Miracle on 34th Street (1947), “The one and only Santa Claus”

At a New York sanity hearing for Kris Kringle (Edmund Gwenn), who claims to be the real Santa, the judge (Gene Lockhart) asks for further exhibits to be put on his desk. Lawyer Fred Gailey (John Payne) tells the postal workers to bring them in, before they empty bags of letters on the judge’s desk, as Kringle’s face glows.

Gailey reasons that the US Post Office delivers these letters addressed to Santa Claus to Kringle, recognising him as “the one and only Santa Claus”. The court does not dispute Gailey’s claim and the case is dismissed!

 

Home Alone 2: Lost in New York (1992), “Merry Christmas, ya filthy animal!”

Yes, the 1990 original is the better film, but the sequel delivers with one of the most legendary and enduring lines. In the first film it’s “keep the change, ya filthy animal,” not this classic version, which now adorns Christmas jumpers.

"In the first film it’s 'keep the change, ya filthy animal,' not this classic version, which now adorns Christmas jumpers"

The Plaza Hotel concierge (Tim Curry) and other members of staff storm into lone child Kevin McCallister’s hotel room to confront him. However, from another room Kevin uses the dialogue of a film character to accuse the concierge of “smooching with everybody” (even Cliff!). Then the character’s tommy gun sound has the staff all diving for cover. Finally, Kevin lip syncs the line, “Merry Christmas, ya filthy animal… and a Happy New Year.”

It’s a Wonderful Life (1946), “I want to live again”

After being shown by his guardian angel what things would have been like had he never been born, desperate and suicidal businessman George Bailey (James Stewart) rediscovers his love of life and he pleads to live again.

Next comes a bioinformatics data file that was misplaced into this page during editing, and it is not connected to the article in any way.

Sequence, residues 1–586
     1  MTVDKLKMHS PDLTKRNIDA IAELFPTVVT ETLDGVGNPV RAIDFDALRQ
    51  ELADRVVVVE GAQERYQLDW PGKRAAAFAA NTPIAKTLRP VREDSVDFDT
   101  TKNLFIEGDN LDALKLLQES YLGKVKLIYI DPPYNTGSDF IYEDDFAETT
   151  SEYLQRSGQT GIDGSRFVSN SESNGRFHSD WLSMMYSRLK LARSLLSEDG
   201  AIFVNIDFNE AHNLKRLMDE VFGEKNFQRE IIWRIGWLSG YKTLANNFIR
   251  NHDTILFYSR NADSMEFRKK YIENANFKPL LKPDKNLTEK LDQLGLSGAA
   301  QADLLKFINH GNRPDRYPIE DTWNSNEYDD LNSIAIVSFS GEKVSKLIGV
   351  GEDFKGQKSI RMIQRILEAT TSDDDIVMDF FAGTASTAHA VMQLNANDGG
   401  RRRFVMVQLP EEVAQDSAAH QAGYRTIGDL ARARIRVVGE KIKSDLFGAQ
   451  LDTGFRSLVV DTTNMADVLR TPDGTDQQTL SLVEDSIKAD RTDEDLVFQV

His wish is granted, as a policeman can actually see him and asks George what he’s doing. Running through the snowy streets of Bedford Falls, George celebrates life and wishes people and buildings alike a Merry Christmas. Even his legal issues disappear with the help of the kind townspeople.

Elf (2003), “You did it! Congratulations! World’s best cup of coffee”

One of the most enjoyable and hilarious Christmas comedies ever made, Elf is timeless because of the big, smiling human Buddy (Will Ferrell) who was raised by Santa’s elves. With the elf suit-wearing Buddy heading to New York City to find his biological father, it’s perfect fish-out-of-water comedy.

"With the elf suit-wearing Buddy heading to New York City to find his biological father, it’s perfect fish-out-of-water comedy."

The heart-warming montage sees Buddy congratulating a coffee shop on their sign saying “World’s best cup of coffee”, approaching a man in red crossing the road that he initially thinks is Santa and even eating the chewing gum off the railings by the subway!

 

The Muppet Christmas Carol (1992), “It Feels Like Christmas"

It’s a fact that The Muppet Christmas Carol is the most enjoyable and family-friendly version of A Christmas Carol ever made, and nothing less than a festive classic, thanks to songs like “Thankful Heart” and “One More Sleep ‘Til Christmas.”

But the best song and scene in the film, for me, is the catchy “It Feels Like Christmas”, with the jolly Ghost of Christmas Present describing in song the sights and sounds of the season to Scrooge (Michael Caine) and comparing them to feelings of love. After all, “wherever you find love, it feels like Christmas”. 
 

 

Banner credit: Die Hard (20th Century Fox)

Read more: The best animated Christmas films